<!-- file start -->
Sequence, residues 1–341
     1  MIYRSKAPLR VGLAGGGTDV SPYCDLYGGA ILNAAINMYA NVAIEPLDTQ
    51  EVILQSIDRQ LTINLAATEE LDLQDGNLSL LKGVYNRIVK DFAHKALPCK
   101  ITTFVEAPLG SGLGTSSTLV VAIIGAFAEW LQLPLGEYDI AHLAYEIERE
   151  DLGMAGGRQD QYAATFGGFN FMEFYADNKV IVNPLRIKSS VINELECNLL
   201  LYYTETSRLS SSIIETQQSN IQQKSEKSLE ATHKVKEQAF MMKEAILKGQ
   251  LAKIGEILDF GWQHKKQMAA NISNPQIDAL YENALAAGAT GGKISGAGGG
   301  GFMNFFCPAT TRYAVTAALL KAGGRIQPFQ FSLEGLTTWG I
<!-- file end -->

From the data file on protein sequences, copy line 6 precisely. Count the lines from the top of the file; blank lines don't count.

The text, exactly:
   201  LYYTETSRLS SSIIETQQSN IQQKSEKSLE ATHKVKEQAF MMKEAILKGQ